Homeward bound: Home of the Sparrow, collaborators creating 11 affordable units
WOODSTOCK – Eleven units will be added to Home of the Sparrow’s affordable housing list through a partnership with the Housing Opportunity Development Corp.
The additional supportive housing includes foreclosed homes in Woodstock and Fox River Grove that account for five units and property in Woodstock that will be turned into six new town houses.
The project will be paid for through the federal Neighborhood Stabilization Program, which is administered by the Illinois Housing Development Authority.
The $1.9 million pays for construction and renovation, as well as items such as property taxes and utilities.
“We were determined to keep these funds in McHenry County,” IHDA project coordinator Shelly Tucciarelli said during a groundbreaking ceremony Thursday in Woodstock. “This puts more permanent, affordable housing in a county where it is needed.”
The program funds projects that acquire, rehabilitate and redevelop foreclosed properties that are abandoned
or considered eyesores in the community.
The projects must benefit low-, moderate- and middle-income people – those who earn less than 120 percent of the area median income.
The home on North Street in Woodstock was foreclosed and has been vacant for more than three years.
Residents have worried about what would happen to the house that was built before the turn of the century, said Trudie Dreyer, who lives across the street from it.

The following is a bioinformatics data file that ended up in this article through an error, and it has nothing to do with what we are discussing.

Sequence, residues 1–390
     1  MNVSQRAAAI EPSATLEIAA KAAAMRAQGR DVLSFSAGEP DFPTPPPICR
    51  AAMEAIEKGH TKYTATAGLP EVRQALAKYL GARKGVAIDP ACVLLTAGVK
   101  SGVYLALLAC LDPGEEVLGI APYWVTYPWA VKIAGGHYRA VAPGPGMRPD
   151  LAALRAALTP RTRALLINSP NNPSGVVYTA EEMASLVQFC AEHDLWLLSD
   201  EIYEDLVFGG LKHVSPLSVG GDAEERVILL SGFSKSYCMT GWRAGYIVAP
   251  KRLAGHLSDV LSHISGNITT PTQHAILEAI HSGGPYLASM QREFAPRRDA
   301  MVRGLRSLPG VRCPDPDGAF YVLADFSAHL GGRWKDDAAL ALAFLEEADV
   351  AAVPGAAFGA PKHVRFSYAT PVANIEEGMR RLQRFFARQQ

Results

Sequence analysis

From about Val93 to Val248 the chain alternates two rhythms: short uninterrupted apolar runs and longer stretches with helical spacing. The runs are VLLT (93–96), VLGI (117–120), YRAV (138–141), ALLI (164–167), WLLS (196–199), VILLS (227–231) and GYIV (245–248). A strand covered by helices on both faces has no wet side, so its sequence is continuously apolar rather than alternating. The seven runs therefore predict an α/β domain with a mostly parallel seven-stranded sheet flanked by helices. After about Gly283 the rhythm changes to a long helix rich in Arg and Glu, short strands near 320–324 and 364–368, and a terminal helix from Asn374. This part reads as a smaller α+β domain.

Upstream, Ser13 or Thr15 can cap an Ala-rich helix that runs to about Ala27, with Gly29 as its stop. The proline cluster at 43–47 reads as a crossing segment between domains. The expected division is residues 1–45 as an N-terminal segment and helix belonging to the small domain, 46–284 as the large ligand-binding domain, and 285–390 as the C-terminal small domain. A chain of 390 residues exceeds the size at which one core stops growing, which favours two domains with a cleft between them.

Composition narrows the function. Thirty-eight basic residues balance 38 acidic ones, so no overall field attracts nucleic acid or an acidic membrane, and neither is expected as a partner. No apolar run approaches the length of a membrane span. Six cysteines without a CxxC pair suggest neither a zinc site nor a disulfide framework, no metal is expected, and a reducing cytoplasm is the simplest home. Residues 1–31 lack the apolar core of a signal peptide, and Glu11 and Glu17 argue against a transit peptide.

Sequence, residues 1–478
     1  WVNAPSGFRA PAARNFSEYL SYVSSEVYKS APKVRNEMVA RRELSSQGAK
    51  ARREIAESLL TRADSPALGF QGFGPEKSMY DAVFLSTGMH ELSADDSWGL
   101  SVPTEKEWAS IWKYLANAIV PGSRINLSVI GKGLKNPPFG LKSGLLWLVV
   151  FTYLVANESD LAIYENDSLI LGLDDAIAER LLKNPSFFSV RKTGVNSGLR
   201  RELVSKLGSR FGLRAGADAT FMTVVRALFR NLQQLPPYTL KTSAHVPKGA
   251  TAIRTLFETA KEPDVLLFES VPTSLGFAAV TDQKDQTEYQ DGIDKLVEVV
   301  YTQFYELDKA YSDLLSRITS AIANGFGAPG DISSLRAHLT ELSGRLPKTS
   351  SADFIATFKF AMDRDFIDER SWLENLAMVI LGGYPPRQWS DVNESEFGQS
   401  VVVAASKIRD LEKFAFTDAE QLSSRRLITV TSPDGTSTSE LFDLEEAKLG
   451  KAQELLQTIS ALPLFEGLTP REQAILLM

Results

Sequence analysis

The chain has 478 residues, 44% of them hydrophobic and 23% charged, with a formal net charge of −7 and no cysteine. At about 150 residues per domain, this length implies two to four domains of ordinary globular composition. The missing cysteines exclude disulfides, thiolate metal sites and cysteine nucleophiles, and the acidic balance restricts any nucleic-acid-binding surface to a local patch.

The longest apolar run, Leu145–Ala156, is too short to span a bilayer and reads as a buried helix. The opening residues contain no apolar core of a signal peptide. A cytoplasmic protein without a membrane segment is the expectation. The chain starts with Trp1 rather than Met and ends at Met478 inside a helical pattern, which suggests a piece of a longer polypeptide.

“Fixing it up is better than having an abandoned home in your neighborhood,” she said. “This will be a great use for this house. It’s a great neighborhood, and I can’t wait to have new neighbors.”
The project of 11 housing units is expected to take five to six months that next spring will be available to 35 to 45 eligible residents.
Through the collaborative agreement, McHenry-based Home of the Sparrow will own the units. The Housing Opportunity Development Corp. is responsible for acquisition and development.
“It takes a community of people to move something like this along,” said Richard Koenig, executive director of the HODC. “This project has been a long time coming.”
Home of the Sparrow President Nancy Hiatt agreed.
“We are excited about this partnership because affordable housing is very badly needed in the county,” she said. “This is the beginning of what we believe will be a long, successful journey.”
Home of the Sparrow currently has two transitional shelters, nine apartments, and four Sparrow’s Nest thrift stores. A fifth thrift store is scheduled to open this fall in Algonquin.